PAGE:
January 14, 2022
What to expect in Washington (January 14)
The Senate is now out until Tuesday, January 18, and plans to forgo a recess next week to consider voting rights bills and rules changes in a bid to pass the bills over Republican opposition, rather than working the weekend. The House and Senate will then both be in recess the week of January 24. Rules changes don’t appear likely after Senator Kyrsten Sinema (D-AZ) delivered a floor speech against weakening the filibuster, following which President Biden acknowledged, “I don’t know if we can get this done.”
Senator Joe Manchin (D-WV) expressed support for Senator Sinema’s speech and shares her views, and they remain the members who also hold the keys to the Build Back Better Act (BBBA) – whether it happens and what it looks like if it does. Senator Manchin said the December 2021 inflation report released January 12, showing a 7% increase in the consumer price index over a year prior, was “very, very troubling,” reiterating previous concerns he made regarding the BBBA, CNN reported.
The next measurable steps toward getting the BBBA back on track remain unclear, though House Democratic members, who have been put in the position of voting for tax increases in a bill that cannot currently pass the Senate, still see something getting done. Tax Notes January 12 reported Ways & Means Chairman Richard Neal (D-MA) as saying, “I think the challenge we’ve had with [the bill] is we know what Joe’s against, we just need now for him to tell us what he’s for … That’s the issue here. I still think this is entirely workable.” House Budget Committee Chairman John Yarmuth (D-KY) said he would like to see a renewal of efforts, along with a name change, because BBBA sounds like infrastructure. “I still think we’re going to end up passing something,” Yarmuth said. “It will have fewer elements, more robust funding.”
Tax – The longer it takes, the greater the chances there could be pressure on Congress to extend expired tax provisions, some of which have extensions embedded in the BBBA. The staff of the Joint Committee on Taxation has prepared a list of Federal tax provisions that expired in 2021 or are scheduled to expire in the future.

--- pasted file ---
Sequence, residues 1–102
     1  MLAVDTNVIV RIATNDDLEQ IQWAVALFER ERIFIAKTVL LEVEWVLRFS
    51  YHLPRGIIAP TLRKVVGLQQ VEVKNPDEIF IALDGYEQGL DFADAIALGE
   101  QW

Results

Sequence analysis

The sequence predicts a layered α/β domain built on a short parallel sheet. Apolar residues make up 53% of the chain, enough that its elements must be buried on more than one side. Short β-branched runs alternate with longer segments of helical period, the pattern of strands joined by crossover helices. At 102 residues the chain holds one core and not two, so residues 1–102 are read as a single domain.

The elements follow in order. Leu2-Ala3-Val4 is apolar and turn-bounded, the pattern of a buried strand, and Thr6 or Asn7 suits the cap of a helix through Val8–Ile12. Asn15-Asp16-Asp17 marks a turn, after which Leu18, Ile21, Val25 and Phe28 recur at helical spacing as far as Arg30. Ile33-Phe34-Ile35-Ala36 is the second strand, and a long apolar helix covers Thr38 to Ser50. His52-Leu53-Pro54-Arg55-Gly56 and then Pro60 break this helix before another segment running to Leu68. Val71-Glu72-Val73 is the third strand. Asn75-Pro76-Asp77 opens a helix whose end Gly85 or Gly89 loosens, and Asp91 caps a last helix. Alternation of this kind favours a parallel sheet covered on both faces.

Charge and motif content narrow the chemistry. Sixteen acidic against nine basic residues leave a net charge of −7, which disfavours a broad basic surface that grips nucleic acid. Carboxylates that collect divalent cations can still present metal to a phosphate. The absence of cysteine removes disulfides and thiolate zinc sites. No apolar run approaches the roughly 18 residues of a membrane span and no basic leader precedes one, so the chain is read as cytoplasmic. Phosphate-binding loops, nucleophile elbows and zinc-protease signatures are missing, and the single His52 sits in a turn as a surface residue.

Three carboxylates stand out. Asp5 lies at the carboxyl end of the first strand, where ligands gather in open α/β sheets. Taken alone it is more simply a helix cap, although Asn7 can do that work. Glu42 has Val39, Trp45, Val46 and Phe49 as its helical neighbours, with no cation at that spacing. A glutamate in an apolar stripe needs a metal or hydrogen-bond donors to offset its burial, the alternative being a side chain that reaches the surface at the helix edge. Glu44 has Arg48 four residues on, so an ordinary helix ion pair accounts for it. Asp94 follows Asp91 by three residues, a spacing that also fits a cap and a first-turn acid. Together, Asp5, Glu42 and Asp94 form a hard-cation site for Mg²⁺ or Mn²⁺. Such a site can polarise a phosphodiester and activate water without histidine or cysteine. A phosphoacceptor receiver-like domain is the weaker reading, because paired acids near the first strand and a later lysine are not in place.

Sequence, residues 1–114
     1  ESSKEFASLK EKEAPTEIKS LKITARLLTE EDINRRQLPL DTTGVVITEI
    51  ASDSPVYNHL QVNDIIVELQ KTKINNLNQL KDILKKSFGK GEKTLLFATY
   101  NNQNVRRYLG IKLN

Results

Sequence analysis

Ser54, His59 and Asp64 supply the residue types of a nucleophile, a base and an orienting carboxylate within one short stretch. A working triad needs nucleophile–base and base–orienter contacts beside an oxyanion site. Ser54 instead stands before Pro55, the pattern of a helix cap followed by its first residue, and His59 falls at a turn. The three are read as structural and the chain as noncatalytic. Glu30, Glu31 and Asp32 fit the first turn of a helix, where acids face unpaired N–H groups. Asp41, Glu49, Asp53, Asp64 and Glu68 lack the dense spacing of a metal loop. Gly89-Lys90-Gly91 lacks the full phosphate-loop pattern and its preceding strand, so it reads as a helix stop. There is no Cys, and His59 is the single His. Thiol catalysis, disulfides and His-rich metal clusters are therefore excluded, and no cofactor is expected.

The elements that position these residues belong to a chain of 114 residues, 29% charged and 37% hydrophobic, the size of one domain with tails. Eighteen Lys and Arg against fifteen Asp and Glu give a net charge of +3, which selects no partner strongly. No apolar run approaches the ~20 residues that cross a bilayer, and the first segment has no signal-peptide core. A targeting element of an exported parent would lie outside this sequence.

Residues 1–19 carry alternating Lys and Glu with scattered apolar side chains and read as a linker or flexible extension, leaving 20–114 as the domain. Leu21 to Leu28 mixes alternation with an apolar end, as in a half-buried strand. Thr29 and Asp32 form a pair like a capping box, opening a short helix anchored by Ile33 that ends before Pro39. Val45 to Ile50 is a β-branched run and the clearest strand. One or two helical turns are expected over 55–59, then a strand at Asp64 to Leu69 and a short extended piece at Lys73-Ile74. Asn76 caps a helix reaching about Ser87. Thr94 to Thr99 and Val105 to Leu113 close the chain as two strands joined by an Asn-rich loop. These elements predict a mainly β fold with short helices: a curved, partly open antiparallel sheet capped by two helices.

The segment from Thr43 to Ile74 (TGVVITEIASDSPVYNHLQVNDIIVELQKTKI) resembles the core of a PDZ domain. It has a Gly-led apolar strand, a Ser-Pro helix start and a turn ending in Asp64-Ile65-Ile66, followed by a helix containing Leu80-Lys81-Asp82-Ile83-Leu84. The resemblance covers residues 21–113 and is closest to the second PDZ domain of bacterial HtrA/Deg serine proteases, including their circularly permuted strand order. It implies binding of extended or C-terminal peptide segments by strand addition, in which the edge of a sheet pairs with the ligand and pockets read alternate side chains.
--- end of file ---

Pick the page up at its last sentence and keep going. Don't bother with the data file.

Senate Finance Committee Chairman Ron Wyden (D-OR) announced he is launching an investigation “into the Opportunity Zone Program and whether it has delivered on Republican promises to create jobs and drive investment in low-income communities, rather than just create a loophole for wealthy investors to avoid paying taxes.” He cited Government Accountability Office (GAO) findings concerning the lack of reporting requirements. A Ways & Means subpanel held a hearing on the issue in November prompted in part by GAO findings on compliance/reporting challenges.
Inflation – During a Senate Banking Committee hearing on her nomination to be vice chair of the Federal Reserve Board, Lael Brainard said despite positive signs for unemployment and economic growth rates, “Inflation is too high, and working people around the country are concerned about how far their paychecks will go. Our monetary policy is focused on getting inflation back down to 2%, while sustaining a recovery that includes everyone. This is our most important task.” In questions from Chairman Sherrod Brown (D-OH), Brainard acknowledged that the pandemic’s effect on global supply chains is part of what is driving high inflation. But she added, “We are taking actions on the monetary policy front that I have confidence will be bringing inflation down, while continuing to allow the labor market to return to full strength over time. So we’re going to achieve that maximum sustainable employment while we bring inflation down to 2%.” Brainard said she expected the current wave of high inflation to persist through the next couple of quarters.
Health – The Supreme Court January 13 blocked the Biden administration’s vaccine-or-test mandate for large employers but allowed it to stand for some health care workers.
Government funding – There was a meeting of top appropriators yesterday regarding an omnibus appropriations bill to fund the government past February 18, and, as is traditionally the case, the focus is on agreeing to topline numbers for discretionary spending on defense, which is more of a priority of Republicans, and non-defense spending, including on climate change, championed by Democrats. The Washington Post reported on the prospect of including COVID aid, saying “early talks about pandemic relief have explored ways to boost testing, expand the availability of vaccines, invest in therapeutics and shore up any small businesses that still need financial help,” plus providing virus-related paid leave.
With the federal holiday on Monday, What to Expect in Washington won’t be published. Alerts will be issued as events warrant.